Although there are more Title IX violation reports across the nation, plenty of young victims of sexual abuse in schools do not make the connection. Anyone who has been sexually victimized should contact a sexual abuse lawyer immediately. Lawyers well-versed in sexual violation cases can determine if a situation falls under Title IX, as well as how to proceed.
Georgetown Sexual Abuse Lawyers at Jacobs & Crumplar, P.A. Advocate for Victims of Title IX Sexual Abuse
If you or someone you know has been sexually victimized in a private or public educational institution, please contact a Georgetown sexual abuse lawyer at Jacobs & Crumplar, P.A. today. For a free consultation, contact us online or call us at 302-656-5445. Located in Wilmington and Georgetown, Delaware, we serve clients from the surrounding areas of Dover, New Castle County, and Sussex County.
Title IX Regulations Off Campus
Title IX prohibits university education programs and activities that receive federal funding from discriminating on the basis of sex. While regulations related to Title IX programs have existed since the law’s passage in 1972, these rules are receiving a complete overhaul under a new proposal introduced by the Secretary of Education, Betsy DeVos. One of the more significant changes affects the way a university or college deals with its investigation of off campus sexual abuse.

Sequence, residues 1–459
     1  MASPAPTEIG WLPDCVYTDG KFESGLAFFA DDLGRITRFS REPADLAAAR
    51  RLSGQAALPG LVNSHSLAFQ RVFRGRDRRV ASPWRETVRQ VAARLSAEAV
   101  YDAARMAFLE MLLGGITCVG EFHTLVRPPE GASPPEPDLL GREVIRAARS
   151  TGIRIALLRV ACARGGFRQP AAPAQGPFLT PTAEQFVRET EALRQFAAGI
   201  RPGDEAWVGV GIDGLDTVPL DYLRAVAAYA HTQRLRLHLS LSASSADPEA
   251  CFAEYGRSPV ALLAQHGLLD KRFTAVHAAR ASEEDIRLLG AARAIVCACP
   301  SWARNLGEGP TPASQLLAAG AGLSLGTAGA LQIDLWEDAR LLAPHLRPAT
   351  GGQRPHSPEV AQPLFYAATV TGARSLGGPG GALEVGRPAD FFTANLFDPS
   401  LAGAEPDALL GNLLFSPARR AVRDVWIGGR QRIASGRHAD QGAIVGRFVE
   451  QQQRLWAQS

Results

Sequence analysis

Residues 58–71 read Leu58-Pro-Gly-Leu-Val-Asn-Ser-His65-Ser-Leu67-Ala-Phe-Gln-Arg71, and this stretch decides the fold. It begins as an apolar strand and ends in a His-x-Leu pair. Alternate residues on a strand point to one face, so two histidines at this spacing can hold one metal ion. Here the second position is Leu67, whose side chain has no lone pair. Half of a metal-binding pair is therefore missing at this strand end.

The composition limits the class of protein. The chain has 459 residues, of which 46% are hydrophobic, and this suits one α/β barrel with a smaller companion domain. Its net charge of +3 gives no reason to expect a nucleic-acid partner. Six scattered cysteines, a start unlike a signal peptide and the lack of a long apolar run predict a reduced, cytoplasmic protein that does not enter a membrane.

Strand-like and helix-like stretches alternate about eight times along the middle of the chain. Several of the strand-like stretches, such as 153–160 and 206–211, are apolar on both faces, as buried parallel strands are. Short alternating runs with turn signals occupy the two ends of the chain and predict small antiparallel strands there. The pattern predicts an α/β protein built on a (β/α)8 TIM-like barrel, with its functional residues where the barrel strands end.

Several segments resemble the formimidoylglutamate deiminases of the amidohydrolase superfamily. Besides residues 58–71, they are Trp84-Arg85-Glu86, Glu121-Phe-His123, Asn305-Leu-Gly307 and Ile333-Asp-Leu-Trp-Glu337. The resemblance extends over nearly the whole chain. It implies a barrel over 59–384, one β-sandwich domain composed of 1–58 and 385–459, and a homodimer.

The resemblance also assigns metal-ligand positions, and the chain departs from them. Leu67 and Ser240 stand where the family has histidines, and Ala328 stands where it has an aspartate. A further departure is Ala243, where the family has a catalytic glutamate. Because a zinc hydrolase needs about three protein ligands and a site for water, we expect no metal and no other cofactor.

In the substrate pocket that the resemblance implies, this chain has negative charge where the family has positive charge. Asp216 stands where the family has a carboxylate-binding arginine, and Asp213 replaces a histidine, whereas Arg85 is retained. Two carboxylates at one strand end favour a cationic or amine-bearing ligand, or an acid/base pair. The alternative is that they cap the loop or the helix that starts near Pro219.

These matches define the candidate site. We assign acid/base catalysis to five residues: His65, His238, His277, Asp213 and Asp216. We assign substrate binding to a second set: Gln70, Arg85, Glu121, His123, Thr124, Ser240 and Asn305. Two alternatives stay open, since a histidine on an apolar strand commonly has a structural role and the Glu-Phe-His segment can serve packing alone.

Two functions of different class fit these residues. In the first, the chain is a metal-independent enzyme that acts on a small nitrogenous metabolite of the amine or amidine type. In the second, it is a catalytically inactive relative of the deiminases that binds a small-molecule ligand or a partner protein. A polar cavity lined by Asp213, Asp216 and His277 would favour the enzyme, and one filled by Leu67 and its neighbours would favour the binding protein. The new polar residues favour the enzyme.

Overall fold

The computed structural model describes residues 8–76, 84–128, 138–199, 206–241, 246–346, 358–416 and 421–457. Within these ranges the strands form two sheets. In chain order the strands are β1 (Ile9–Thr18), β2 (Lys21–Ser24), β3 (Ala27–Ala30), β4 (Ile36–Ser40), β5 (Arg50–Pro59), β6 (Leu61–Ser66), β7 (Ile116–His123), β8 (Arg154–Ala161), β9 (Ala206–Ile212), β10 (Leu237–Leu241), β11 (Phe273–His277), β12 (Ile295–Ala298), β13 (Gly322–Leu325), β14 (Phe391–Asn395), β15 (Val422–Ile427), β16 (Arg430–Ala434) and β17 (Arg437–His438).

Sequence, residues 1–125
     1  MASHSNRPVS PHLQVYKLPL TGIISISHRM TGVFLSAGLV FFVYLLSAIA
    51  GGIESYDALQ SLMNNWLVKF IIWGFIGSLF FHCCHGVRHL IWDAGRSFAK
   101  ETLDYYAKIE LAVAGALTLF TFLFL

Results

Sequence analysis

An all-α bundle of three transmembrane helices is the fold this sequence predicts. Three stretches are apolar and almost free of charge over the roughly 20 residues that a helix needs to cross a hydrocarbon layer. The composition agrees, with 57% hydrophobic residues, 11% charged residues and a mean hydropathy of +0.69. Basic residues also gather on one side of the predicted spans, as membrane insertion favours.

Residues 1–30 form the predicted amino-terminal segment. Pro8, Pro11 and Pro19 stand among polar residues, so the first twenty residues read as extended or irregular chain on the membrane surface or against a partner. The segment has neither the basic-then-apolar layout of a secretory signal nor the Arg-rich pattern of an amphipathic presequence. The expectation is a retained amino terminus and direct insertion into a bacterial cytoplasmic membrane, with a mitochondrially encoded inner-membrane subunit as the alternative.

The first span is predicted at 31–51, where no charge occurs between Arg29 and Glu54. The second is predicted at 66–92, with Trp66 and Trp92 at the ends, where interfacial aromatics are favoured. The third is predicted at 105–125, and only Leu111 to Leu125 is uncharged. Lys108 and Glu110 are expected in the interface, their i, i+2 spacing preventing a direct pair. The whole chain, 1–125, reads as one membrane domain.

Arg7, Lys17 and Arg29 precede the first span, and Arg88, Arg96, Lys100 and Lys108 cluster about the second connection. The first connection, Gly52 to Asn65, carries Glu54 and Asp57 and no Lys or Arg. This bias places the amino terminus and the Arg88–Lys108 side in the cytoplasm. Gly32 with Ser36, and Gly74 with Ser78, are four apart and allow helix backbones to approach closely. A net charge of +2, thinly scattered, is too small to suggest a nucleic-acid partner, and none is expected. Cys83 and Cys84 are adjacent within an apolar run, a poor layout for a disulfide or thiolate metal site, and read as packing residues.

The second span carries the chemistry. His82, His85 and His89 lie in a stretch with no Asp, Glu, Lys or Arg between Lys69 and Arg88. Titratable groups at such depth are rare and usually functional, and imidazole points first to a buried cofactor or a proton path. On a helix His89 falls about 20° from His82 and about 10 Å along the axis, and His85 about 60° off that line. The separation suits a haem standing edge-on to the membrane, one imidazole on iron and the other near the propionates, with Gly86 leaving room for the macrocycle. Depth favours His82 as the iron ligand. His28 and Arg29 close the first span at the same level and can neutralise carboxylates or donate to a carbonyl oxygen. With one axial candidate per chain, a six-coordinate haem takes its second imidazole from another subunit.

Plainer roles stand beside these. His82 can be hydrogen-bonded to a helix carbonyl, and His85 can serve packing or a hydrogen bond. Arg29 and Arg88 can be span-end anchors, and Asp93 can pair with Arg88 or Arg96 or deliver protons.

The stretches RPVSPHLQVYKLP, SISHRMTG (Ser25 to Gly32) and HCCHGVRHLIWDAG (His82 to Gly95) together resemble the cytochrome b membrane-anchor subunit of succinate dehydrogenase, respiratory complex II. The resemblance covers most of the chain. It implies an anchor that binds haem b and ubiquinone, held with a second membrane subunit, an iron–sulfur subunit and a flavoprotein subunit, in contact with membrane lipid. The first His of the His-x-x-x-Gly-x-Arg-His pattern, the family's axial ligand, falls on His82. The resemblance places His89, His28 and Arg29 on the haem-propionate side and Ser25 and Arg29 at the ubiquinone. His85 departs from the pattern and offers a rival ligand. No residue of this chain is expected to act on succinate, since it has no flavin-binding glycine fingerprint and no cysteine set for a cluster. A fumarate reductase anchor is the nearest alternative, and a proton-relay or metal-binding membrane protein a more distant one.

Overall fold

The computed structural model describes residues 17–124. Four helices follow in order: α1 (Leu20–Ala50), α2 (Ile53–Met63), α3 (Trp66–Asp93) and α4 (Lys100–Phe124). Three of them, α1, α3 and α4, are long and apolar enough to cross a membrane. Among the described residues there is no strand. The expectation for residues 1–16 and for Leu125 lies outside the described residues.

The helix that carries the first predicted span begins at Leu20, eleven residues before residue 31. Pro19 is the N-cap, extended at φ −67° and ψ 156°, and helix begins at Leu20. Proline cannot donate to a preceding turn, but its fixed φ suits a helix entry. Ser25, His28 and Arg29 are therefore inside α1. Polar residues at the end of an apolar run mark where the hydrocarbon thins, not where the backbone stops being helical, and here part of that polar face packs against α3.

Handling Allegations of Off Campus Sexual Misconduct
Under the new regulations, a school is required to investigate a student’s report of sexual misconduct occurring off campus only if the student is at a campus-sanctioned event or activity. Off campus Greek housing for sororities and fraternities is defined in the proposed regulation as a school-sanctioned activity and would not be exempt from the mandate to investigate all sexual conduct reports.
Campus-sanctioned events or activities include situations where:
- The activity is held on a premises owned by the school
- The school exercises oversight or supervision
- The school holds disciplinary power
- The school provides funding
- The school endorses or promotes the event
Although not specifically set forth in the proposed regulations, experts believe study abroad programs and professional internship programs connected to a university also would fall under the category of campus-sanctioned.